By Madison Miller
In anticipation of Easter, the religion department hosted a lecture Tuesday centered on New Testament accounts of the Resurrection, given by Dr. Lidija Novakovic, associate professor of biblical studies and the New Testament.
Novakovic’s research includes topics of Jesus’ resurrection and historiography, or according to her book, the writing of history based on the critical examination of the sources. She has written two books and contributed to scholarly research regarding the Gospels.
“Coming out of her research on the Gospels and the resurrection, her lecture today is the story of a missing body, the New Testament accounts of the discovery of the empty tomb,” said Dr. Derek Dodson, lecturer religion.
During the lecture, Novakovic discussed N. T. Wright’s book, “The Resurrection of the Son of God,” which according to Google books, forces the reader to view the Easter narrative as two parts — the empty tomb and Jesus’ appearances.
“For a number of evangelical scholars, proving that Jesus’ tomb was found empty equals the proving that Jesus has been raised from the dead,” Novakovic said. “In many churches, the only text that will be read during the Easter service next Sunday is the story of the discovery of the empty tomb from one of the Gospels.”
Novakovic said she agrees with scholars who say the empty tomb is important, and is part of the reason she chose this as the topic of her lecture. She said she believes, however, the accounts of his appearance after the resurrection is just as important.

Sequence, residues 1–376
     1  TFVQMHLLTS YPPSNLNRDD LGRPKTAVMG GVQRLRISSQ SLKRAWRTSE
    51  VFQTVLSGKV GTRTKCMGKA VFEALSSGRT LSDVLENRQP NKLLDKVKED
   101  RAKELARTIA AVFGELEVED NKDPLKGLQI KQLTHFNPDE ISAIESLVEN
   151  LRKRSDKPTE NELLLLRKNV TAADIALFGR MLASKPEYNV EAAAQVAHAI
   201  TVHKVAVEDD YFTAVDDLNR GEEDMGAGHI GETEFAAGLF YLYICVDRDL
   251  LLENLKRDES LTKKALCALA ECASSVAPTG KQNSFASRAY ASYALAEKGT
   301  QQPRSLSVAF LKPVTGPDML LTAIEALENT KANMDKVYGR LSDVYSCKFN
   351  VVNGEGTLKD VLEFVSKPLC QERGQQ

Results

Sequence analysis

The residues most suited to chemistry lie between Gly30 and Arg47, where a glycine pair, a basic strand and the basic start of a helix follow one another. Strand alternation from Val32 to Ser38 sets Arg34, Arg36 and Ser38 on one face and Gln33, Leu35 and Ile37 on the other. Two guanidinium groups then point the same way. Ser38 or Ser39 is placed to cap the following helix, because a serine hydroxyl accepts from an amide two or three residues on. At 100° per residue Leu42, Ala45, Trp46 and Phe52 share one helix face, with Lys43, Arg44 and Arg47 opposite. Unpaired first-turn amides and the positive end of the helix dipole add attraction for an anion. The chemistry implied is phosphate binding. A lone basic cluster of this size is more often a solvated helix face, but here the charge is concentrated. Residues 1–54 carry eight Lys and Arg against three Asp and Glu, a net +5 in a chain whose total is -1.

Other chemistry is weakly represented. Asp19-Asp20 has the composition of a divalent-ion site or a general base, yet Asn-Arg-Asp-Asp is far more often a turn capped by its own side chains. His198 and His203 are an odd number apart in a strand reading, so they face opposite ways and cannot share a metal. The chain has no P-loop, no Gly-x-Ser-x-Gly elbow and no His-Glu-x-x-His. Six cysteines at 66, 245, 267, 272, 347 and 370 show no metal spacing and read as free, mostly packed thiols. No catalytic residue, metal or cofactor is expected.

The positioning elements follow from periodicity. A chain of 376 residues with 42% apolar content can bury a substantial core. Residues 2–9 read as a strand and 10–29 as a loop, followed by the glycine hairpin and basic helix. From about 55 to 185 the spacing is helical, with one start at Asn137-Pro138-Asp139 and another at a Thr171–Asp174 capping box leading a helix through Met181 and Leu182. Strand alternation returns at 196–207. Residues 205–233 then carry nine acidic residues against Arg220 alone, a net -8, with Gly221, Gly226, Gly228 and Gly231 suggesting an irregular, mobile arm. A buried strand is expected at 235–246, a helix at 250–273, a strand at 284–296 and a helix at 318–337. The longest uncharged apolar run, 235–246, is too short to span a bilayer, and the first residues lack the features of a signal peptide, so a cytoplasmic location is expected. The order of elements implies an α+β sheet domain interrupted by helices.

“I disagree with those who think that the empty tomb is the main proof of Jesus’ resurrection,” Novakovic said. “I wish to show you today that in all four Gospels the discovery of the empty tomb does not prove use any certainty that Jesus has be raised from the dead,” she said.
She said it produces fear, confusion and doubt.
Novakovic said in each Gospel, the empty tomb accounts are preceded by a report of Jesus’ death on the cross and his burial.
“In Matthew, Luke and John the discovery of the empty tomb are followed by the stories of Jesus’ appearances,” Novakovic said. “Even in Mark, Jesus’ post resurrection appearance in Galilee is announced.”
The key differences and details between the Gospel accounts of the discovery of the empty tomb, Novakovic said.
She covered comparisons on how each Gospel portrayed and told about the people involved in finding the empty tomb and witnessing the appearances of the resurrected Jesus.
She talked about how in some Gospels, the women, specifically the Marys, experienced an earthquake and the descension of an angel from heaven on the way to the tomb, while others claim that the women ran into two people dressed in white robes once they arrived at the tomb.
“The resurrection of Jesus was a hidden act of God for which there were no eyewitnesses and which only Christian interpreters refuse to describe,” Novakovic said.